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Commercial Mortgage Debt Increases in Third Quarter



The level of commercial/multifamily mortgage debt outstanding grew by 2.9 percent in the third quarter, reaching $2.845 trillion, according to the Mortgage Bankers Association (MBA) analysis of the Federal Reserve Board Flow of Funds data.


The level of commercial/multifamily mortgage debt outstanding grew by 2.9 percent in the third quarter, reaching $2.845 trillion, according to the Mortgage Bankers Association (MBA) analysis of the Federal Reserve Board Flow of Funds data.

The $2.845 trillion in commercial/multifamily mortgage debt outstanding recorded by the Federal Reserve was an increase of $79.9 billion or 2.9 percent from the second quarter 2006. Multifamily mortgage debt outstanding grew to $714 billion at the end of the third quarter - an increase of $10.8 billion or 1.5 percent from the second quarter.

"Nearly every investor group increased their stake in commercial/multifamily mortgages in the third quarter," says Jamie Woodwell, MBA's senior director of commercial/multifamily research. "As investors assess different investment options for their capital, commercial/multifamily mortgages continue to attract a great deal of interest."

The Federal Reserve Flow of Funds data summarizes the holding of loans or, if the loans are securitized, the form of the security. Many life insurance companies invest both in whole loans for which they hold the mortgage note (and which appear in the Federal Reserve data under Life Insurance Companies) and in commercial mortgage-backed securities (CMBS), collateralized debt obligations (CDOs) and other asset backed securities (ABS) for which the security issuers and trustees hold the note (and which appear here under CMBS, CDO and other ABS issuers), according to MBA.

Commercial banks continue to hold the largest share of commercial/multifamily mortgages, with more than $1.2 trillion, or 44 percent of the total. Many of the commercial mortgage loans reported by commercial banks however, are actually "commercial and industrial" loans to which a piece of commercial property has been pledged as collateral, says MBA. It is the borrower's business income - not the income derived from the property's rents and leases – that drives the underwriting, pricing and performance of these loans. Since the other loans reported here are generally income property loans, meaning that the income primarily comes from rents, the commercial bank numbers are not comparable.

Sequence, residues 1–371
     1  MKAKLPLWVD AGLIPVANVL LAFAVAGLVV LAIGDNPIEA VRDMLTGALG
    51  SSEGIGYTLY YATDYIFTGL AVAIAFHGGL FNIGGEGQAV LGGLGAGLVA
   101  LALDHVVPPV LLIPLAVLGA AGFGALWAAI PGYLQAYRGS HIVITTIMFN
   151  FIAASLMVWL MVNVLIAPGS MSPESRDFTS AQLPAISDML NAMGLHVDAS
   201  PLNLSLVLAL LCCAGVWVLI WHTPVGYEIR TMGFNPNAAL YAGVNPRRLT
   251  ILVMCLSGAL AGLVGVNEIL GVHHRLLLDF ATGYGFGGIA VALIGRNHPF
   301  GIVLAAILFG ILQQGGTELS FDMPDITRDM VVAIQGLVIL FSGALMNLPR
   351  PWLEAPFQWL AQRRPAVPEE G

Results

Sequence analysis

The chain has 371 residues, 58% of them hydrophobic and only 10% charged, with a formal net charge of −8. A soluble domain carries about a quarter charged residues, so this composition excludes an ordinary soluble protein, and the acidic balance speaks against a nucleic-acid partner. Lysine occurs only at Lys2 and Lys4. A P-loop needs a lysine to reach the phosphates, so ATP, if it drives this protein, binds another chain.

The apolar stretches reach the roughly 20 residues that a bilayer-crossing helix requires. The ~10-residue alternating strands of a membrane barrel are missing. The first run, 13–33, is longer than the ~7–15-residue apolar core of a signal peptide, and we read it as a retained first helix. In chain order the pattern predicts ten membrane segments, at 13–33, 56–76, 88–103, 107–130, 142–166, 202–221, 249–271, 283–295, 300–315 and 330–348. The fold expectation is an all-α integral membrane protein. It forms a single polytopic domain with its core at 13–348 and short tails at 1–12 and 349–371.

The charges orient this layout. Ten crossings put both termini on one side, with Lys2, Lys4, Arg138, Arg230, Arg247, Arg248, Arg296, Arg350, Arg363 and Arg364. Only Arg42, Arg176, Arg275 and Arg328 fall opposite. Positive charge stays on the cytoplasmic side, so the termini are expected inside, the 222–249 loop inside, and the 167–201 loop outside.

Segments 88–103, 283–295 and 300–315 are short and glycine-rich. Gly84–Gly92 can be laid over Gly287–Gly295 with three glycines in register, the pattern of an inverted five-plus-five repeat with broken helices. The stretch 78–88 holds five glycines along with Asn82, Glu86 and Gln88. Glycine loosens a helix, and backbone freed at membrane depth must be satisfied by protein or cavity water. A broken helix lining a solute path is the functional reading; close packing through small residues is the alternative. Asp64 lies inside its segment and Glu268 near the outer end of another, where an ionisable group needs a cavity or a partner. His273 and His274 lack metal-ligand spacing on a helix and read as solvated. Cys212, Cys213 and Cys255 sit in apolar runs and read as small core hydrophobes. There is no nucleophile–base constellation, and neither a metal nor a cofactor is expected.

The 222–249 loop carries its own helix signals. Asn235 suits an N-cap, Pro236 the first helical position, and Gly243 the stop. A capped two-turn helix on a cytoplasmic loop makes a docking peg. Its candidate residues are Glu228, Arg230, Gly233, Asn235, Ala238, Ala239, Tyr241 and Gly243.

In the third quarter of 2006, commercial banks saw the largest increase in dollar terms in their holdings of commercial/multifamily mortgage debt – an increase of $36 billion, or 3 percent, which represents 45 percent of the total $79.9 billion increase, says MBA. CMBS, CDO and other ABS issuers increased their holdings of commercial/multifamily mortgages by $26 billion, or 5 percent - representing 33 percent of the net increase in commercial/multifamily mortgage debt outstanding. In percentage terms, REITS saw the biggest increase in their holdings of commercial/multifamily mortgages, a jump of 14 percent, while state and local government retirement funds saw the biggest drop, a net change of -1.0 percent.




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  posted on 12/14/2006   Article Use Policy




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